RainforestHome

It was 11:53 pm. The moonless sky was pitch-black with clouds. Unseen mosquitoes buzzed near my ear, and a very small fire was trying to burn about 20 yards away. A short, elderly man scurried about, picking up little pieces of trash from the area near his house. I watched as he paced, tears welling up on the bottoms of my eyelids. That’s when I heard him lightly singing a tune I’ve never heard. I just had to know what he was singing.

That short elderly man was Elijah, a man that got saved about three years ago, here in Kotidanga. When he got saved, he was very sick. The Lord had directed Pastor James, my dad (Missionary John Allen), and me to all three independently witness to him in the same week. Elijah moved to the coast last year, and has not been back here since. His severe asthma just doesn’t aggravate him in the lowlands. He built a house in the swampy area of Titikaini, and repeatedly sent requests for us to send preachers to his area. His plea: “The people here really need the Gospel. Please send a preacher.”

This past weekend, we made a survey trip to visit the Kamea villages of Titikaini. Missionaries Andrew Schellenberger and Jason Ottosen accompanied me along with two of our Kamea preachers, Tony Tinandi and Konos Manus. We stayed at Elijah’s house, and we hiked to the surrounding villages. Elijah had told us the truth–there are a lot of villages in that area, and there are only three churches, all Seventh-Day Adventist. No Catholic churches. No Lutheran churches. No Charismatic churches. No Baptist churches.

As we hiked, Elijah kept telling the people, “Tonight, these preachers will be at my house. Come hear the Gospel, and get saved.” I couldn’t help chuckle as I heard him bluntly tell people they needed to get saved. He was so matter-of-fact about it. No “beating around the bush” for him!

For each of three nights, people came and respectfully waited in the darkness as we had dinner with Elijah and his family. For each of three nights we invited them to sit with us as we took the opportunity to share the Gospel with them. For each of three nights, they did not respond to the Gospel. This night was no different–no response. They simply said, “Thank you,” and went home.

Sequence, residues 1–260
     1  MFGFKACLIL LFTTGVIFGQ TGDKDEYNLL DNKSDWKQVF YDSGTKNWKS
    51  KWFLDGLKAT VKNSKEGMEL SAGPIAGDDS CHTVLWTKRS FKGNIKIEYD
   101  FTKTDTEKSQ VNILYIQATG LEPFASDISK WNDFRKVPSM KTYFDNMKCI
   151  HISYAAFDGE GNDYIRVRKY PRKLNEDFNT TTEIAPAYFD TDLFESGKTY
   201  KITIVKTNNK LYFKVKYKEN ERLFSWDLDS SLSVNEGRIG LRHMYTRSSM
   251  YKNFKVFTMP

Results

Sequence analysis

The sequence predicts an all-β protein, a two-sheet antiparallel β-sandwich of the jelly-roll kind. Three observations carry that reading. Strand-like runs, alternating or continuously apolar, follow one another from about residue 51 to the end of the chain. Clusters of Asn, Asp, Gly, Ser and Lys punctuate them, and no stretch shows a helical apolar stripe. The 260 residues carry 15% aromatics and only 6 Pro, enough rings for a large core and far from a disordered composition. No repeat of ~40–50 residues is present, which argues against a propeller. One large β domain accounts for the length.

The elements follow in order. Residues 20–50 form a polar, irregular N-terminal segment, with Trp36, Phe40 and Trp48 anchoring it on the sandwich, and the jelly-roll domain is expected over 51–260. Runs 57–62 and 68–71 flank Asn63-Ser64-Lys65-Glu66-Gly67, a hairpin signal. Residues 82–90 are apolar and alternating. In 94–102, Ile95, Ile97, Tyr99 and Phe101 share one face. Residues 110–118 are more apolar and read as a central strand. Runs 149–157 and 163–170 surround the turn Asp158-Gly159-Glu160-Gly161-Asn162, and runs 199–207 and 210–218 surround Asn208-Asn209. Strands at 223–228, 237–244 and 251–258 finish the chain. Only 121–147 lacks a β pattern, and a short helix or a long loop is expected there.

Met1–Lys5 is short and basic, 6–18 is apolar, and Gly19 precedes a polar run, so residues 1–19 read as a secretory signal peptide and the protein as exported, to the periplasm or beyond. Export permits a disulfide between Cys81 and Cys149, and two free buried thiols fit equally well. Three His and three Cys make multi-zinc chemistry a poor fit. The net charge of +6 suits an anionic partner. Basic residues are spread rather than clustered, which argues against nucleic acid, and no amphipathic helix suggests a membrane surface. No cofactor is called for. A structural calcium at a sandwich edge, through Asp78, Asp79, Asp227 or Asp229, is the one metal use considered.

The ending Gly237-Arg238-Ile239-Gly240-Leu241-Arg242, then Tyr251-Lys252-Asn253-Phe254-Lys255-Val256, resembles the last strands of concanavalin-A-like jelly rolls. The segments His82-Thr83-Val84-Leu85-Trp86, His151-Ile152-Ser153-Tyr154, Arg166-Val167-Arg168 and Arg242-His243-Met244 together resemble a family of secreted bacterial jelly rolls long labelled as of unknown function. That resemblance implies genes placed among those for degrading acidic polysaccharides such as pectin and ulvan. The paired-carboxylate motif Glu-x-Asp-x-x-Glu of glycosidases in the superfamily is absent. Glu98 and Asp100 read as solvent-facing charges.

This night, we went to bed after the people left. By “went to bed,” I mean, we returned to our hut and crawled under the mosquito nets. Konos and Tony were drifting off to sleep, and the three of us missionaries were quietly discussing the plans for the following day. Elijah came into our hut and announced, “There are six people in the next house that want to get saved.” I woke up Konos, and he responded, “We better check them out, and make sure Elijah isn’t coercing them into this decision.”

We split the six adults into three groups. Konos and I dealt with two young men. Andrew and Tony dealt with two older men. Jason waited patiently for Konos and me to finish with the first two men; and then, he and Konos dealt with two elder ladies. All six adults truly were repentant of their sin and trusted Christ for salvation!

It was while Jason and Konos dealt with the elderly ladies in Elijah’s hut that I observed old man Elijah cleaning up the yard and singing his song. It was late at night. I sat on a log between two huts, each of which hosted people putting their trust in the Savior.

I walked up to Elijah and began helping him gather the last small pieces of trash left behind by the group that had come to sit and listen to the Gospel. In hushed tones, I asked him what he had been quietly singing. He told me, “It’s a song I made up last week. I was sitting here in my hut and I looked up to Heaven and began to sing, ‘Papa God, Papa God, I’m just a rubbish-man. And you are too good to me. Papa God, Papa God, you show me nothing but grace.”

Please forgive me that the English version just doesn’t rhyme or meet a rhythm. I just couldn’t help but shed tears of joy as this Kamea convert was bearing spiritual fruit.